Connected components of fixed point set in a connected manifold

The following questions occurred to me while reading this paper (p. 573).

Let $$M$$ be a closed, connected, oriented Riemannian manifold of even dimension. Let $$T$$ be an isometry of $$M$$ (orientation-preserving if needed). Let $$F\subseteq M$$ be the fixed point submanifold of $$T$$.

Question 1: Does $$F$$ have only finitely many connected components?

Question 2: Must each component of $$F$$ have even dimension?

Both of these properties of $$F$$ are claimed in the paper. For the first claim, I guess one would need to know that the connected components are isolated from each other. So I'm curious, for example, why can't the fixed point set consist of an infinite number of (non-isolated) discrete points?

If there is a reference that explains this, that would also be nice.

• You definitely need to assume you have an orientation preserving isometry, otherwise a standard reflection on $S^2$ has fixed point set of odd dimension. Commented Jul 20, 2021 at 13:16

For your first question, let $$X\subseteq M$$ denote the fixed point set of $$f$$, and assume for a contradiction that $$X$$ contains infinitely many components. Label the first countably many of them $$F_1, F_2,..$$.

Now, create a sequence $$x_i$$ with $$x_i\in F_i$$. Because $$M$$ is compact, some subsequence of the $$x_i$$ converges to some $$x\in M$$. By abuse of notation, We'll assume the subsequence is the original subsequence and we'll write $$\lim x_i = x$$.

We first claim that $$x\in X$$. This is a simple consequence of continuity if $$f$$: $$f(x) = f(\lim x_i) = \lim f(x_i) = \lim x_i = x.$$

Now, let $$U\subseteq M$$ be a normal neighborhood of $$x$$, so that there is a unique minimal geodesic connecting $$x$$ to any point in $$U$$. Because $$\lim x_i = x$$, there are infinitely many $$x_i\in U$$. Suppose $$x_j\in U$$ is one of these.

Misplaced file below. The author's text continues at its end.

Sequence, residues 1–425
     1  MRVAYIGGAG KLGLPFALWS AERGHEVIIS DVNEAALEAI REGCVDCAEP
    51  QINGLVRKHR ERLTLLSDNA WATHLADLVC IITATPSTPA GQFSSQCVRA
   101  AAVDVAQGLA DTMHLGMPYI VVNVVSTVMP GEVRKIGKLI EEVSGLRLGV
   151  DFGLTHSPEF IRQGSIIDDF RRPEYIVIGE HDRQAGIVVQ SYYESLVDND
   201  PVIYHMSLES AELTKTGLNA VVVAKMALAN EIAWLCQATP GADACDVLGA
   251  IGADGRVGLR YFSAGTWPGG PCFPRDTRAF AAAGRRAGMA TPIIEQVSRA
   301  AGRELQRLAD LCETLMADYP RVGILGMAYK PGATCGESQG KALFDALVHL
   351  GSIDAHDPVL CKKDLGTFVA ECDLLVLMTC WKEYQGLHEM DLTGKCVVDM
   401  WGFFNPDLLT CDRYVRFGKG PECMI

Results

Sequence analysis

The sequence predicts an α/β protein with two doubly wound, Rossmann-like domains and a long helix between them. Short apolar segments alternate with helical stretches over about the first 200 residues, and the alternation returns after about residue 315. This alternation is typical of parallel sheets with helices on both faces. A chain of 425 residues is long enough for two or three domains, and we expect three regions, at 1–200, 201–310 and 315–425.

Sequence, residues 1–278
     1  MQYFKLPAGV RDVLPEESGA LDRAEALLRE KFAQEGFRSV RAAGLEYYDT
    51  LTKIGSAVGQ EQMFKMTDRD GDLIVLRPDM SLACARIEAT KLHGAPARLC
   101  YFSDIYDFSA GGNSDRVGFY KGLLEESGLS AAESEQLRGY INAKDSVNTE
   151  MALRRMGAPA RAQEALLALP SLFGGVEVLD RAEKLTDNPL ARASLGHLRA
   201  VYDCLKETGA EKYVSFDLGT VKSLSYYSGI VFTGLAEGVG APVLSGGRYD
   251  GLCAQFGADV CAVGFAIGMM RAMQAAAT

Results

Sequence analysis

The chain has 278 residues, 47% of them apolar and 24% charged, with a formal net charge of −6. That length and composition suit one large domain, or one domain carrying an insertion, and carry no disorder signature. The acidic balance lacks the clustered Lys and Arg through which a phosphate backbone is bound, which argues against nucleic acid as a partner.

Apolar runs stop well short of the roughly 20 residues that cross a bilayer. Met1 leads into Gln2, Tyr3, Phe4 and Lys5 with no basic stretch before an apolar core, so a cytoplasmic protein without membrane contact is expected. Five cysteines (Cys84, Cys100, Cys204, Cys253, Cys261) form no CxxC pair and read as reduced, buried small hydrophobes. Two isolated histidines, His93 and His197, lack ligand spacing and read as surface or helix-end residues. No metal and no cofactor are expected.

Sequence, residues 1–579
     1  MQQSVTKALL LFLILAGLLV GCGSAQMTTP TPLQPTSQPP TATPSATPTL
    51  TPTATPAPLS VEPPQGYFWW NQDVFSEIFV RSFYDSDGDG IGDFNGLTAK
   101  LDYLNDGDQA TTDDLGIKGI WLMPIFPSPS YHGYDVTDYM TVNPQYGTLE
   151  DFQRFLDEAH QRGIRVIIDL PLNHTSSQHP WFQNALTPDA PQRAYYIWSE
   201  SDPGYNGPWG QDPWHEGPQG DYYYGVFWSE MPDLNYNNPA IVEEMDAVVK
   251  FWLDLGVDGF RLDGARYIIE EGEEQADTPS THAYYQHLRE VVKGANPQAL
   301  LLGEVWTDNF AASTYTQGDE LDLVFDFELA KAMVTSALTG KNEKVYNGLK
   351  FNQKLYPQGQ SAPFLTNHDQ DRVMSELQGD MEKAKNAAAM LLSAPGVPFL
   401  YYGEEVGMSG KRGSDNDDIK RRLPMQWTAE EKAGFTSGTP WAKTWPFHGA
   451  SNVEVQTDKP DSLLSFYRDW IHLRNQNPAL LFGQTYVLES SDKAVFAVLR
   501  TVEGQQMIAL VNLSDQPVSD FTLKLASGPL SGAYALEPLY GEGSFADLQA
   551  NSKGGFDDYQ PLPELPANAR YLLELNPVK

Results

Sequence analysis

Connecting $$x$$ to $$x_j$$ by a minimal geodesic $$\gamma$$, we find that $$f\circ \gamma$$ is a minimal geodesic connecting $$x$$ to $$x_j$$. By uniqueness, $$f\circ \gamma = \gamma$$, so $$\gamma(t)$$ is in $$X$$ for all $$t$$. Having a path from $$x$$ to $$x_j$$ in $$X$$, we deduce $$x\in F_j$$.

However, we can repeat this argument for a different $$x_k\in U$$, we find that $$x\in F_j \cap F_k$$ for $$j\neq k$$. This contradiction implies that there must have only been finitely many components.

 

For the second question, suppose $$f:M\rightarrow M$$ is an isometry which preserves orientation. Let $$F\subseteq M$$ be a connected component of the fixed point set of $$f$$. I'm assuming you already know that $$F$$ is an embedded submanifold. We'll prove that $$F$$ has even codimension in $$M$$. That is, $$\dim M - \dim F$$ is an even number. (For your application, $$M$$ itself is even dimensional, which them implies $$F$$ is).

Let $$p\in F$$. The tangent space $$T_p M$$ has an orthgonal splitting $$T_p M = T_p F \oplus V$$ for some complementary subspace $$V$$. The goal is to show that $$V$$ has even dimension.

To that end, consider the differential $$d_p f$$. Because $$d_p f$$ obviously acts as the identity on $$T_p F$$, it follows that $$d_p f$$ preserves $$V$$ in the sense that $$d_pf$$ maps $$V$$ to itself by some isometry. Also, because $$d_p f$$ preserves the orientation and acts as the identity on $$T_p F$$, it must act via an orientation preserving isometry of $$V$$.

In addition, $$d_p f$$ cannot fix any non-zero $$v\in V$$, for otherwise the points $$\exp(tv)$$ are fixed by $$f$$, so $$F$$ would not have been a connected component of the fixed point set.

Because $$d_p f:V\rightarrow V$$ is an isometry, all its (complex) eigenvalues have modulus one. Those with non-zero imaginary part come in complex conjugate pairs. And by the previous paragraph, $$1$$ cannot be an eigenvalue of $$d_p f:V\rightarrow V$$. It follows that that number of $$-1$$-eigenvalues has the same parity as $$\dim V$$. In particular, $$\det(d_p f:V\rightarrow V) = (-1)^{\dim V}$$. Because $$f$$ preserves orientation, this determinant is positive, so $$\dim V$$ must be even.